Imagined by architectural firm Family and the design office PlayLab, the sustainable project aims to put a floating pool in New York's East River by 2016. Not your average floating pool, though. A water-filtering community attraction poised to clean up to half a million gallons of river water each day.
Think of it as a giant strainer that will weed out the bacteria, contaminants and odors that make NYC's watering holes so unappealing, leaving behind a pool that meets local and state standards. What will eventually be a 164-foot body of water (if funding and construction goes as planned), has temporarily taken the form of a smaller test lab set to capture 6 months worth of necessary data. It's in the water now, in fact, and you can follow its progress online, thanks to who else, but Google.
The + POOL team, along with the folks at Google Drive, have put together + POOL dashboard, an online platform that allows curious New Yorkers and sustainability enthusiasts access to the data collected off Pier 40 at Hudson River Park. Every 15 minutes, [a sonde sensor] measures some of the most important water quality parameters for swimmability: Air, Temperature, Water Temperature, Dissolved Oxygen, Rainfall, Depth, Salinity, Turbidity and Chlorophyll," + POOL explained in a press statement. "Additionally, they’re testing for Enterococcus, the EPA’s standard for water quality, once a day."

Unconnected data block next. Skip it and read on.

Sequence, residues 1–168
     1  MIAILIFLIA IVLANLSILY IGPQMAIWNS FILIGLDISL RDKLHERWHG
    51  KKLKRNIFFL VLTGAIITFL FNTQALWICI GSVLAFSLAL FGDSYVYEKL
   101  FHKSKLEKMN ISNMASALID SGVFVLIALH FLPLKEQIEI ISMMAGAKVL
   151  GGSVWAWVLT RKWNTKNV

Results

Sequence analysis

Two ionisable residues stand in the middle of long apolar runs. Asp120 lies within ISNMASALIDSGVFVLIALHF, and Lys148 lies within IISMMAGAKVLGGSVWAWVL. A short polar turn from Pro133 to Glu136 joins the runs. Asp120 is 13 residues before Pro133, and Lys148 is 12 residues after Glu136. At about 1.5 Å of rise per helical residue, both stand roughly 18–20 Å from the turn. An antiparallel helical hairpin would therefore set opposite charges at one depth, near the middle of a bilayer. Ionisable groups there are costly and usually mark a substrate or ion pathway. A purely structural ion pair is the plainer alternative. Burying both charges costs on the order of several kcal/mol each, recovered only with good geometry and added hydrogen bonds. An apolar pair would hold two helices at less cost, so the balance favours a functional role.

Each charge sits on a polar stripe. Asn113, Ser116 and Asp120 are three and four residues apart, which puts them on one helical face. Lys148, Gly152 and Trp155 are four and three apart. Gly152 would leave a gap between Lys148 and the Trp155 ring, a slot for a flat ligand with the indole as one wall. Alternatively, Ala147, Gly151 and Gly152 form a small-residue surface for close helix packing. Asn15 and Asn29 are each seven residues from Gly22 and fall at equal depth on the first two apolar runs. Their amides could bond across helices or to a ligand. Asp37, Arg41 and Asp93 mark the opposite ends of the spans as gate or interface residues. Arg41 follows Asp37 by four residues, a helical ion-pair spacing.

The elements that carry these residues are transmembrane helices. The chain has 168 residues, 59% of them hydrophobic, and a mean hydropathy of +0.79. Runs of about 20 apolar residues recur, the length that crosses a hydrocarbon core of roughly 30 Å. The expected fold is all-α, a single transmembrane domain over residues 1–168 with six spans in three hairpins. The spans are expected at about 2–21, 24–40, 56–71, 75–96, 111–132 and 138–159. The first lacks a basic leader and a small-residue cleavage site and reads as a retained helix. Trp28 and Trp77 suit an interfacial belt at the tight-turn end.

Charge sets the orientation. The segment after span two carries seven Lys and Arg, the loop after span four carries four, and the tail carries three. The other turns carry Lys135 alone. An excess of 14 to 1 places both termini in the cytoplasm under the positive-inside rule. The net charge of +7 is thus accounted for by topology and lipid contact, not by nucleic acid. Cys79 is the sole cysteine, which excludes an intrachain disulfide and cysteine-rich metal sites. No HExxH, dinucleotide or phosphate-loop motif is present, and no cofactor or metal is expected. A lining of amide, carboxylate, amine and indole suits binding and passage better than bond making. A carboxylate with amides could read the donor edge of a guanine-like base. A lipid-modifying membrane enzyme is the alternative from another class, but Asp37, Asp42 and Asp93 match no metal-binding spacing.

The dashboard consists of a gridded interface made up of 12 interactive colors, all of which change according to that day's water measurements. Each has a nifty little info button that explains the parameters of measurement. For example, the biggest color block is for Enterococcus (Entero), which is the EPA’s standard indicator for sewage contamination. The color will change from blue to brown depending on how “good” or “bad” the water quality was the day before, as this particular measurement takes 24 hours for the lab to process.
"We were happy to help our friends at +POOL make the data from their project easy to access and understand," Google added. "Float Lab’s dashboard is built using the Google Drive API, which is free for everyone. This is just one example of how data can be displayed in fun and even playful ways, all while helping support an important cause."
Check out the dashboard for yourself and head over to the tile-by-tile site to make a contribution to the still-growing project. Let us know your thoughts on New York's possible floating pool in the comments.